A Small Gesture Meant More Than She Knew
Part of the idea behind my blog is to provide some history behind some of the signals in my collection. This is one of them that I’ve had for many years that has a great story behind it.
I showed my interest in traffic lights at an early age. I think my parents first saw my fascination in this street furniture when I began drawing them everywhere. (If you haven’t already read my brief bio on the Me and MTL page, it’s mildly entertaining.) Like most kids, I had a toy that I cherished over everything else and would likely enter severe depression if it was ever taken away. For me, that was my ceiling fan/light chain pull.
Found in many homes in the late 1960s and early 1970s, this little, glow-in-the-dark piece of molded, hard plastic didn’t get a second look, other than when it smacked you in the head after yanking on it to turn the pantry light on. But to me, it was a miniature version of something I was fascinated with. The fact that this resembled a single light with just red and green on all four sides, when all I ever saw was red, yellow, and green signals, meant that this one was really special. Plus the fact that I could easily and comfortably wrap my little hand around it gave me that “it’s mine” feeling.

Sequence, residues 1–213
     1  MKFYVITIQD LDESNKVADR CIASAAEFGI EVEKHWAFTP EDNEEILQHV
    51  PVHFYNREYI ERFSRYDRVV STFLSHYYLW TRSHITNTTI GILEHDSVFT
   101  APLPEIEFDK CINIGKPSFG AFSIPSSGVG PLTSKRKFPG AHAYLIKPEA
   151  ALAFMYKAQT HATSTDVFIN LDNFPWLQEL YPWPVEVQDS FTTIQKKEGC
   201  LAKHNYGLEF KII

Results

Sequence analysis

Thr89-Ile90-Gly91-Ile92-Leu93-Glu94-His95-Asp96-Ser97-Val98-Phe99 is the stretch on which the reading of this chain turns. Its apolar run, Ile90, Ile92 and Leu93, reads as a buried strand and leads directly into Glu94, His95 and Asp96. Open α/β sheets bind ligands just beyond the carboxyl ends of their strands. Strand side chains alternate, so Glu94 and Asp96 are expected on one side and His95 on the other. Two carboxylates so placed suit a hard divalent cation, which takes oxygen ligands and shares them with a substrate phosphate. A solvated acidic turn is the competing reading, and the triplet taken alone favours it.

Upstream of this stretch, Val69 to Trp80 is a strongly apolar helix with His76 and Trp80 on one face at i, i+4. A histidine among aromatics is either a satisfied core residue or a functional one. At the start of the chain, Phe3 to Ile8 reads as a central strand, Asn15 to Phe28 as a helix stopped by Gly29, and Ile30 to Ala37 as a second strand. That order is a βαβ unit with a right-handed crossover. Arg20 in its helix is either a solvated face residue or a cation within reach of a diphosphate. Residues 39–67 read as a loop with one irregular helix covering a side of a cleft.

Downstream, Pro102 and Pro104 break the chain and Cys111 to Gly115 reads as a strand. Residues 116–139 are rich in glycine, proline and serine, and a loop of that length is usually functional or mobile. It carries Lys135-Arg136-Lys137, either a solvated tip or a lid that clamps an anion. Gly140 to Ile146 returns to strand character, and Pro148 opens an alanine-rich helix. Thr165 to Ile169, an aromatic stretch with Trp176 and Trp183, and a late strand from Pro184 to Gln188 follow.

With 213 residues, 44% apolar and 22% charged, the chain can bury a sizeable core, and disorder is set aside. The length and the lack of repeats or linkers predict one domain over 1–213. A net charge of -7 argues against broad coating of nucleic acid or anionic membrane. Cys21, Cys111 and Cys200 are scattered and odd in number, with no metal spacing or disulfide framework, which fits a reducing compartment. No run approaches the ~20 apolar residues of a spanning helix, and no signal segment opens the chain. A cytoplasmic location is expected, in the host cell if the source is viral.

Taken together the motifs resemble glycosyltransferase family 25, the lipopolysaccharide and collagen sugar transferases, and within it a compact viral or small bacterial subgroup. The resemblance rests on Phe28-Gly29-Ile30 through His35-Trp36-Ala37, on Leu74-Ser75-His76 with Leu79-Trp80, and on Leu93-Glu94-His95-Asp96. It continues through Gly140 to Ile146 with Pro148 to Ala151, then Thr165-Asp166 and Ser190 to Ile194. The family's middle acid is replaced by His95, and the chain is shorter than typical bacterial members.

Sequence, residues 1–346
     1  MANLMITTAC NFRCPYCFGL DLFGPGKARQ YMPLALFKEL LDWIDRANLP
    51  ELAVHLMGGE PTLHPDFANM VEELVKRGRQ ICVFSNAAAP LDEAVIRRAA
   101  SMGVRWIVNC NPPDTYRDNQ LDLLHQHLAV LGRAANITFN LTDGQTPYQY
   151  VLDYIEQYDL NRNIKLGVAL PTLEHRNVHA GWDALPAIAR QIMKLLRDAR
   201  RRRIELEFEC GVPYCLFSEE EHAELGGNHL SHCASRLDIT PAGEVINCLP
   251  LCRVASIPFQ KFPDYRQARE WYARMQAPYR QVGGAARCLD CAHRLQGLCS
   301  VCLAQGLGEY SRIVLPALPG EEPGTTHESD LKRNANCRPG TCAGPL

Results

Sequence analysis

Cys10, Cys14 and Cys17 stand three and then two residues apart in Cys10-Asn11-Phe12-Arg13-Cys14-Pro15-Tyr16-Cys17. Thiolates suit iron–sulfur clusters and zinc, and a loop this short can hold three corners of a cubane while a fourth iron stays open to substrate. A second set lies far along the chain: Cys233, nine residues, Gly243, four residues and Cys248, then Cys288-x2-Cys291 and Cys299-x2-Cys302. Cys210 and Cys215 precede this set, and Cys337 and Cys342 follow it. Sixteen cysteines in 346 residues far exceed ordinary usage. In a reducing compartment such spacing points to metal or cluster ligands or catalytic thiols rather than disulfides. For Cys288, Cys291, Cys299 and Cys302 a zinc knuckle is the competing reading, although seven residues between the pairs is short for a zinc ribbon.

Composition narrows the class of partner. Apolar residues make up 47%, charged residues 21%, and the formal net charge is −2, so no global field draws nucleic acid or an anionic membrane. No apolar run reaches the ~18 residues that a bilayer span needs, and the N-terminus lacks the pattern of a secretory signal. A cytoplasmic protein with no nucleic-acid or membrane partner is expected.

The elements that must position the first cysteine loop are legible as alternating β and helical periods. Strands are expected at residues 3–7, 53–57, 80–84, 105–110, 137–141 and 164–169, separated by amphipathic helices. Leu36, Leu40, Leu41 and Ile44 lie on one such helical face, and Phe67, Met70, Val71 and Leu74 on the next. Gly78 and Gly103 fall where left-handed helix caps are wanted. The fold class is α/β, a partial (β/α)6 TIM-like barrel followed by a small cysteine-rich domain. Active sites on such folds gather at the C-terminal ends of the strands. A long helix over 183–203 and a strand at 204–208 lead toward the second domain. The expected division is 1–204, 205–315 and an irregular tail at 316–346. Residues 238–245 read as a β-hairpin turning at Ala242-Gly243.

But with any toy that you constantly play with, eventually it started to fall apart. The two halves of the molded body were starting to separate and the beaded “lights” began to dislodge from their respective spots. I was broken-hearted but determined to hold onto it.
At some point in 1978 (pretty sure), I got off the school bus with my friend Bob at his house. In those days, we called it “getting off the bus with so-and-so after school to go play” – there was not such thing as “a play date”. We began doing things that he and I normally did: beat each other with plastic Star Wars light sabers, check out the fox they were nursing back to health, play with the cats, or hurling those sharp burrs at each other from make-shift forts.
Taking a break, we made our way through the kitchen where Bob’s mom was doing mom stuff. Mrs. W. saw my chain pull and the brutal condition it was in. They had one exactly like mine in their pantry that was in MUCH better condition. She stopped me asked if I would like to have hers. I was shocked. Of course I did! But should I accept it? I was hesitant and felt bad that I would be giving her my dilapidated, sorry-assed stop light and would be receiving one in great condition. I thought about saying no, but a little bit of selfishness accepted the deal.
Today, I realize that she just wanted to see that I had a “toy” that would continue to make me happy. I’m glad I took her up on the deal. Losing her good chain pull didn’t make a difference to her, but it meant the world to me.
Fast forward about 25 years later and I see Bob and his parents at a friend’s wedding. Bob’s mom remembered me as “the boy who liked traffic lights”. I was OK with that. I was able to tell her that I still had the chain pull she gave me almost 30 years prior. I hope she realized what that little gesture meant to me.
Thanks, Mrs. W.